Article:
The Maryland Open Meetings Compliance Board concluded that the Howard County Board of Education violated the Open Meetings Act

Noted in the Howard County Board of Education meeting on February 27th…The Maryland Open Meetings Compliance Board agreed that the HoCoBOE members did violate the Open Meetings Act back in November of 2019 during the redistricting voting.

Here is a video of what was presented to the public at the February 27th meeting:

Here is the motion made:

Move the Board of Education adopt the following minutes for the part of the recess on November 21, 2019, for which the Compliance Board found the presence of a quorum: At 6:43 p.m., Board Chair Ellis recessed the meeting at the request of Mrs. Mallo. As several Board members entered the Board Planning Room, a dialogue took place regarding the failed motion, and how the failed motion would affect the entire Attendance Area Adjustment Plan. As additional members were entering, Ms. Coombs stated she would make a motion to reconsider in order to move the plan forward. All Board members returned to the dais at 6:46 p.m.

Motion by Mavis Ellis, second by Jennifer Mallo.
Final Resolution: Motion Carries
Yea: Kirsten A Coombs, Vicky Cutroneo, Mavis Ellis, Jennifer Mallo, Sabina Taj, Chao Wu, Allison J Alston
Nay: Christina Delmont-Small


So this is a follow up to the following articles:

The blog questioned was this a violation in November of 2019: Did the Howard County Board of Education Violate The Open Meetings Law And What Does That Mean Going Forward Relating To Redistricting?

The blog noted that the board admits to the violation in December of 2019: Howard County Board of Education admits violation of Open Meeting Act during redistricting voting

The blog shared the notes released from the recess discussions: Notes from the “behind closed door recess” during the redistricting final vote on November 21, 2019

The lesson learned in all of this…the Board can violate the Open Meetings Act…and yet nothing really happens. They have to read a statement into the record months later and that appears to be all there is in the end (that we know of right now).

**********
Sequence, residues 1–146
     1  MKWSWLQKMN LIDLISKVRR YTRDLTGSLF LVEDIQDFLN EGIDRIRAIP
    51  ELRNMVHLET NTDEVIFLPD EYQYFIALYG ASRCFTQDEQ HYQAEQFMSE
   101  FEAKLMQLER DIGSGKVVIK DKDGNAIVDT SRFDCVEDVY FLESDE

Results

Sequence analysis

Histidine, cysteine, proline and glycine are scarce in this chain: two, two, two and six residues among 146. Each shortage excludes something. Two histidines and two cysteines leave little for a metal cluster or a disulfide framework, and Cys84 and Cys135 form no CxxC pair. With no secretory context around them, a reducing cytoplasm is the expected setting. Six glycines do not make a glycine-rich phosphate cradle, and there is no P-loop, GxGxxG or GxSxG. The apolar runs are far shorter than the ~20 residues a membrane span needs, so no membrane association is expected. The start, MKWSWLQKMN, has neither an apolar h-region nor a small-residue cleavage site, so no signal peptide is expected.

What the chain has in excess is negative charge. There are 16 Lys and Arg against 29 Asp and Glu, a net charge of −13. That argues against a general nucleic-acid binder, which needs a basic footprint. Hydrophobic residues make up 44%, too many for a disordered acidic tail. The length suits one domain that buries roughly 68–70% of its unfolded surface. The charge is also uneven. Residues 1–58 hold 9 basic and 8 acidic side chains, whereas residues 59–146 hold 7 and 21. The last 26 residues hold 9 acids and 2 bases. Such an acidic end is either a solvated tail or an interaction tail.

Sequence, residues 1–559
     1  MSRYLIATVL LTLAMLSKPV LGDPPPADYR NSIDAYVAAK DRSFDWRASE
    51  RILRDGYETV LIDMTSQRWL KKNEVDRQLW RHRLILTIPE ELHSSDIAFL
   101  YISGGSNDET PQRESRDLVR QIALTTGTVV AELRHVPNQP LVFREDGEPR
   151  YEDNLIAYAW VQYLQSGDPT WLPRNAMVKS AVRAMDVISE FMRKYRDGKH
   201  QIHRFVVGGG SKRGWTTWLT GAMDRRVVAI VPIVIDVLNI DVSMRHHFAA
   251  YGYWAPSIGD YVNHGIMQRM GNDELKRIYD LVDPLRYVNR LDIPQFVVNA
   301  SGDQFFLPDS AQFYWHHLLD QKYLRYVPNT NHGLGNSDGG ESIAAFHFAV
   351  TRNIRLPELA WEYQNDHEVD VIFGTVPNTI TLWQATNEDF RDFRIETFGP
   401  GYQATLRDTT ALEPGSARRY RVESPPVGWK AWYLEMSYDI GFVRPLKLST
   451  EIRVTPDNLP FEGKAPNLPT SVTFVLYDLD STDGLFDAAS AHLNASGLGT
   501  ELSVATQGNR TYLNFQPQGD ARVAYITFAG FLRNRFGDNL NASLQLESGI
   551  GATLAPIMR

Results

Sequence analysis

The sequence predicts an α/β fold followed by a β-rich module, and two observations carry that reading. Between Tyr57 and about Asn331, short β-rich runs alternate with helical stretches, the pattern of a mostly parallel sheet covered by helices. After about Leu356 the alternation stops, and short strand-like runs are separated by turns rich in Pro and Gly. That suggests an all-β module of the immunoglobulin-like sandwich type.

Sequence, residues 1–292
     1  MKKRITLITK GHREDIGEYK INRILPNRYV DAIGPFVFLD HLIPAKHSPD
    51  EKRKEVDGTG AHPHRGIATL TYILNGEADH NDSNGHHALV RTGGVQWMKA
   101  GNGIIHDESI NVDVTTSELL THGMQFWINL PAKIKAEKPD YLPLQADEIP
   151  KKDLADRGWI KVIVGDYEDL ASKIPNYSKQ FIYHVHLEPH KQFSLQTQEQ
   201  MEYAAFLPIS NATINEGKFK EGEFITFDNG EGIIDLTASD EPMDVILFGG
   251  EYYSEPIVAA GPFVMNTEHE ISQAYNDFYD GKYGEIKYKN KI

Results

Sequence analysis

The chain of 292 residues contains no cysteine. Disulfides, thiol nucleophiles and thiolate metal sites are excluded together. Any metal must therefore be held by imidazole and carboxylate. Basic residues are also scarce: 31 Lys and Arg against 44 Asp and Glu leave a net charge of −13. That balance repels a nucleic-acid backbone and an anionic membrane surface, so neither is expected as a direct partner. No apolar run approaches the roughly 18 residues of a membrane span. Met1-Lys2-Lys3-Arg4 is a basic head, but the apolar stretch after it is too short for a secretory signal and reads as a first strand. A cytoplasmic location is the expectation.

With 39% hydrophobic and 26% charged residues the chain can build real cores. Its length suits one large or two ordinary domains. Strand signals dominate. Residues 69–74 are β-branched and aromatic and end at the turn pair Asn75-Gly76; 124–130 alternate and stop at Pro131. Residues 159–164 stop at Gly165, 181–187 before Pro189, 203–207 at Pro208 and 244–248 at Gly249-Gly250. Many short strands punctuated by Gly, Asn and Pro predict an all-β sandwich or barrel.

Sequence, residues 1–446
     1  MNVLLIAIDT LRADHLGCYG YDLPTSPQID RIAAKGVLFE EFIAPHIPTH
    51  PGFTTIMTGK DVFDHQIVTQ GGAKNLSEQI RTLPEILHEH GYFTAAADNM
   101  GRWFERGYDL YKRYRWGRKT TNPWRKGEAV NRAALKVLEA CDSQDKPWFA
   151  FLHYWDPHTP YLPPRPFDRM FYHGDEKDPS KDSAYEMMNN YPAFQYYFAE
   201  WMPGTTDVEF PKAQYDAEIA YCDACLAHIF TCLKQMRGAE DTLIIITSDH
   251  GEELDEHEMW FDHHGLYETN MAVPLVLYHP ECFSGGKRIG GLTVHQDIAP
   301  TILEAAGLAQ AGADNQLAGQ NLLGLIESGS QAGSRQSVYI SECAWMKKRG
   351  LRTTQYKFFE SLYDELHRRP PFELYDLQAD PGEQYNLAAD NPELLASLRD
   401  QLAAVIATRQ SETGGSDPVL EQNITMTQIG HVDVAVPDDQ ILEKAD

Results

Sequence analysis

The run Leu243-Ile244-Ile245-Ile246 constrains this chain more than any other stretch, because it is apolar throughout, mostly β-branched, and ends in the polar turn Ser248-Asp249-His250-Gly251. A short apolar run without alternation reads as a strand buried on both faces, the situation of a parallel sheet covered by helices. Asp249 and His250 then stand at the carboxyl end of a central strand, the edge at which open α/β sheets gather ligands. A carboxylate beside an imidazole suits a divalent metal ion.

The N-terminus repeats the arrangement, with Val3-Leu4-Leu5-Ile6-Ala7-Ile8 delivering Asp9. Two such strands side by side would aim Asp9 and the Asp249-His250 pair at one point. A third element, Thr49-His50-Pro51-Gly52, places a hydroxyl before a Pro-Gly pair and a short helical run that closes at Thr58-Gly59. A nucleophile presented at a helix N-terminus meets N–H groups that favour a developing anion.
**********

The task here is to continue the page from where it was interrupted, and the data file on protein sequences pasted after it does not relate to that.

Interesting how the notes (see link above) tell a slightly different story than the statement provided to the public last night. One has to wonder if that is maybe why Christina Delmont-Small voted no last night.

Anyone have a copy of the February 14th Maryland Open Meetings Compliance Board opinion? That was not provided in BoardDocs as part of the agenda yesterday.

Scott E

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  1. This is really a sad day to be a resident of HoCo. Mavis Ellis has lost all her respect to the public and is unfit to lead any public office.
    The irony here is that this BOE has gone to great lengths to lecture residents how to behave to their children while they violate their rights and then it comes to turn out that they themselves do not behave ethically in office.
    So it seems even after they have been caught red handed despite their denials, they lack any moral compass and just defiantly bulldoze on with their agenda as if we are just sheep to be fleeced with high taxes but no representation? Does the County council give them that much cover to operate so nonchalantly and non apologetically with such flagrant fouls? How do they expect us to believe in them or their message if they cant adhere to or respect our legal laws.


  2. It is the same when HCPSS routinely violates their own policies. No independent review, no accountability and no consequences.


  3. This is the power that We the People voted to continuously have in government. It is hard to imagine a more stupid or more dangerous way of making decisions than by putting those decisions in the hands of people who pay no price for being wrong. The government in Howard County and this state is so out of control. It is so bloated and infested with fraud and deceit and corruption and abuse of power but it’s not just the abuse of power that’s the problem. It’s the power to abuse. We shall never prevent the abuse of power if we are not prepared to limit power in a way which occasionally may prevent its use for desirable purposes.


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